Awards for the  Un-awarded

Awards for the Un-awarded

Advertising awards are a celebration of the best: but this can have a two-fold effect, in that it can make some people feel—well, the worst.

It's hard to get a great idea up, so when you win an award you feel on top of the world.  But how do you feel when you haven't won any? Gabberish conducted an anonymous survey to get a sense of how the many un-awarded feel. Below are some of their reflections.

Words by anonymous creatives. Drawings by Siobhan Fitzgerald.

Awards make me feel stressed. I feel pressure to win them, even though I know it's not a real measure of the work was effective, smart, creative, or original. I also feel pressure to win them to advance my career, however winning doesn't seem to make a huge difference. Not winning seems to matter more. 
– Copywriter

I feel inspired and motivated by them but I hate feeling pressured to win them and I get the feeling that they’re also the emperor’s new clothes—agencies want us to think they’re important so they can pay us less. They want us to think awards are payment enough.
– Creative Director

AwardsAsCurrencyAgain.png

It seems like a "right time, right place" kind of thing. I'm not ashamed I haven't won more, but I'd like the opportunity to.
– Copywriter

I feel like success is constantly out of reach. It’s a constant stretch. At times it drives me with a relentless madness, in other moments there’s the delivery of satisfaction. Mostly it’s a need to strive for something greater than what exists.
– Senior Art Director

 Just out of reach...

Just out of reach...

I find myself comparing myself to other creatives, but most of them are guys. The kind of guys that are able to strike up that "chummy" relationship with their boss over a beer. They've won lots of awards (I believe) because they've been given the opportunity. They have bosses that instantly believe in them. I think it's a bigger problem than awards.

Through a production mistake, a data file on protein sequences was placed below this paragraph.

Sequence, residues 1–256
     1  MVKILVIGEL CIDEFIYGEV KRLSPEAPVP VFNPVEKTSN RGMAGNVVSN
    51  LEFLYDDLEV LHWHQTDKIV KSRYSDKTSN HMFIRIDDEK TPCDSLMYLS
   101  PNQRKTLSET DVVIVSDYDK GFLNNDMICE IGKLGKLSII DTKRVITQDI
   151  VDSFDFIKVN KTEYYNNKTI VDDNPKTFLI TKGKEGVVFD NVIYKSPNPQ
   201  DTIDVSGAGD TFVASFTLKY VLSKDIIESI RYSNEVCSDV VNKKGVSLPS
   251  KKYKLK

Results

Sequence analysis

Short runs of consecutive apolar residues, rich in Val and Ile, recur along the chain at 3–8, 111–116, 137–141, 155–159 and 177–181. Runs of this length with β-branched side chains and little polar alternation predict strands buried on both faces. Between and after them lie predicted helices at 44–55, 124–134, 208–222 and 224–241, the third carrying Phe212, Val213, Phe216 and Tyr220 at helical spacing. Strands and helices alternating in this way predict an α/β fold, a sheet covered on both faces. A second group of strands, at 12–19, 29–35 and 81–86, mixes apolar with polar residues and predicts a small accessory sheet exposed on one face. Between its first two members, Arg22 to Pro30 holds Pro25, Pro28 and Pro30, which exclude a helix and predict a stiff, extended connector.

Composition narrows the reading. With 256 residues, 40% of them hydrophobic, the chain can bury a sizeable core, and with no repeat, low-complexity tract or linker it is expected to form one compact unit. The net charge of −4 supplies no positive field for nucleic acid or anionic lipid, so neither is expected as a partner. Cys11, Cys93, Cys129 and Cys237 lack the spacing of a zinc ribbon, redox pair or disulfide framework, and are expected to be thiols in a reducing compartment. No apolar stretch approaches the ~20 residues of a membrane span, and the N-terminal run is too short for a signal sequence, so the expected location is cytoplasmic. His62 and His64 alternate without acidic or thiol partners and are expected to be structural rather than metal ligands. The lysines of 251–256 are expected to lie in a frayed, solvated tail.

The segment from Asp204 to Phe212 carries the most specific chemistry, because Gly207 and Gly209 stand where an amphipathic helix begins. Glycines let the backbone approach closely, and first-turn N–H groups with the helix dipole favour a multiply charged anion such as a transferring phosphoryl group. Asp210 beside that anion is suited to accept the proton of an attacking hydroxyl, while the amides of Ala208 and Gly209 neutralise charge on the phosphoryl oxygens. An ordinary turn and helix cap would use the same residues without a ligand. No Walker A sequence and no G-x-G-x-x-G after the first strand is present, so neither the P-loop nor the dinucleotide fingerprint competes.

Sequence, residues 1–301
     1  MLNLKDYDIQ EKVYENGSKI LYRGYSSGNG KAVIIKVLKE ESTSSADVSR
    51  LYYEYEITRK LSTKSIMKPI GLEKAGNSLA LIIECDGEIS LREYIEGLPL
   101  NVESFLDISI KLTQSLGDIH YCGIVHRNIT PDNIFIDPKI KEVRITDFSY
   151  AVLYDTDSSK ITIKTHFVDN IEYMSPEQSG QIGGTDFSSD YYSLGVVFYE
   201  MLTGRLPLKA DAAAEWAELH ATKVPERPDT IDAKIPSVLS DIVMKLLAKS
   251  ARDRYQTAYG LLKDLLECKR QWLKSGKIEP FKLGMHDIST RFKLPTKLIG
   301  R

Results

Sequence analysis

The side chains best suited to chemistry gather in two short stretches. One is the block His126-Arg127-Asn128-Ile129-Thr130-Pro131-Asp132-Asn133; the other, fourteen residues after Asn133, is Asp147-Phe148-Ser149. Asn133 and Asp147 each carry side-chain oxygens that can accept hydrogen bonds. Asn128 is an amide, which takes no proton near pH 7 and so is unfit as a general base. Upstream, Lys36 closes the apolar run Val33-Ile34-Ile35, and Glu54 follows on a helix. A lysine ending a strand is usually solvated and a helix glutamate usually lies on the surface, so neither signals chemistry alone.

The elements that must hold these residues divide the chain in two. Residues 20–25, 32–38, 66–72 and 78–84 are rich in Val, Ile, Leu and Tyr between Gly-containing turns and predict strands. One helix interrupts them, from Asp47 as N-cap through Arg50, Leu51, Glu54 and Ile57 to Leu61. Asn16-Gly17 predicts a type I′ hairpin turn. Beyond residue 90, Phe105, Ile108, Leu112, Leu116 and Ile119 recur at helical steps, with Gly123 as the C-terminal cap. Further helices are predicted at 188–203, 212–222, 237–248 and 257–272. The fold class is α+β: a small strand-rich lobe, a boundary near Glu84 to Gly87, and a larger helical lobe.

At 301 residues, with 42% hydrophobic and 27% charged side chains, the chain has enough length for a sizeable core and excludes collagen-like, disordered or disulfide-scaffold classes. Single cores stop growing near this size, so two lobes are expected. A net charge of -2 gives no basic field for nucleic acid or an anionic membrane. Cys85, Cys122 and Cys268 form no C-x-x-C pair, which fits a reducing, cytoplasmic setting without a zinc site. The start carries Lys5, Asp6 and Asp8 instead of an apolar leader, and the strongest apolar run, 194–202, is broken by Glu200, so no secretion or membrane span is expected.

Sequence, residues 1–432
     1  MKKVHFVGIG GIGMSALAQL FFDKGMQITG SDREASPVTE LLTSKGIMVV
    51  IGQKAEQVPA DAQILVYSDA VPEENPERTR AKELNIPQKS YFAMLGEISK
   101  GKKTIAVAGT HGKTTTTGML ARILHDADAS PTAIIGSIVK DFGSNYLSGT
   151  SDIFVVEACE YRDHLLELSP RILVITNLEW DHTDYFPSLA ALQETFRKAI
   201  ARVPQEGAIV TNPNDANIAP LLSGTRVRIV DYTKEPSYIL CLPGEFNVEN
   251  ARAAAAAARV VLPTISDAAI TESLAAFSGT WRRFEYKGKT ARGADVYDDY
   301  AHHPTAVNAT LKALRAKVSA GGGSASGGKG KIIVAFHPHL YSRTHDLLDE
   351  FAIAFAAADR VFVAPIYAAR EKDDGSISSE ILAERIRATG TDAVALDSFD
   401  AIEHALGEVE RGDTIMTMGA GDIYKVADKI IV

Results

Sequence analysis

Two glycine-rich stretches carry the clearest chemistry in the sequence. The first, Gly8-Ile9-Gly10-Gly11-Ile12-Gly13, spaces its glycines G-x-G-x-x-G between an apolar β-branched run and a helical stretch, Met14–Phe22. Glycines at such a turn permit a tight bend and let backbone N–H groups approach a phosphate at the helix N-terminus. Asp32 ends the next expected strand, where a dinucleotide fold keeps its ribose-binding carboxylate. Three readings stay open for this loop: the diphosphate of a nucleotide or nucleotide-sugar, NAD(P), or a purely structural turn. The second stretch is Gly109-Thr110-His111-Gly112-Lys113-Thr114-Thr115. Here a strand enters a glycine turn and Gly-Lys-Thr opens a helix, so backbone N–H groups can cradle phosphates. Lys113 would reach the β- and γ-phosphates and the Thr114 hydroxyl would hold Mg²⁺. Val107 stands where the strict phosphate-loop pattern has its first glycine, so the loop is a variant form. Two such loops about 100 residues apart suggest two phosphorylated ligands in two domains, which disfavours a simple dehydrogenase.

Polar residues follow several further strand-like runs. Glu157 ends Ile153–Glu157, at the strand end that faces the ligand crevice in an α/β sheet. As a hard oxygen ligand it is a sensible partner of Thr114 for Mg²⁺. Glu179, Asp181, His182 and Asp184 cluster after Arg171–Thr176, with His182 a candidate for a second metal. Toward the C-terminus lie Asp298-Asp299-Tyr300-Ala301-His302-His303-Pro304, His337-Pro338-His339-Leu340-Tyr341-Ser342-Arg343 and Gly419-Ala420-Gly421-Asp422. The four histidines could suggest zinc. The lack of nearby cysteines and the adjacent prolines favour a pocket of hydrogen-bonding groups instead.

– Copywriter

I feel like shit when I read someone's bio and compare what awards they've won. I have to actively challenge my thoughts if I see a more senior creative with few awards.
– Copywriter

It's annoying when your boss's attitude about a project changes because it's won an award. They should know if it's good or not without one. And there are many ideas that are great but aren’t suited to enter into shows.
– Art Director

 When winning makes an idea good.

When winning makes an idea good.

Awards make me feel conflicted. Jealous but excited. You see ideas you've had get awarded for others. But then when friends or colleagues win it makes me proud and happy for them. But then also hate them just a smidge. So yeah, conflicted.
– Art Director

They're a goal, but not a necessity. Industry recognition is always good, but when it comes too much and too often it loses its meaning.
– Creative

Sometimes it's overkill. Like when the same thing keeps getting awarded, I lose interest. It does make you think, shit, do I have anything in the bag this year. It's not a bad self evaluation/check in.
– Art Director

 One idea, one thousand awards.

One idea, one thousand awards.

It’s uncomfortable, because a lot of the time people win shitloads, because they’ve had time to make the case videos and all of that. Juniors are hardly ever given time to make case videos. It also always reminds me of all the great ideas we’ve had that the client has killed, and then sometimes you see something similar win at Cannes.
– Junior Copywriter

Awards make me feel anxious, excited, and depressed.
- Copywriter

No other industry feels the need to pat themselves on the back as much as we do. Creatives feel the need to temper eating client’s shit with endless peer recognition.
– Creative Director

 So much to celebrate.

So much to celebrate.

They're great if you have a good idea that your boss loves. Terrible if you don't.
 – Copywriter  

What do awards mean to me? Re-cutting effing case studies 100x. Having a boss who has anxiety. Often, disappointment.
– Creative Director

I think people are way too invested in awards, but it’s actually just our industry patting ourselves on the back. Nobody else in the world cares about a Gold Lion.
I hope that we can focus more on the work and trust ourselves that they are great, and not need to enter it into award shows to prove it to ourselves.
– Copywriter

 

 

Gabberissue #3:  Awards

Gabberissue #3: Awards

End of a golden era: Terry Savage

End of a golden era: Terry Savage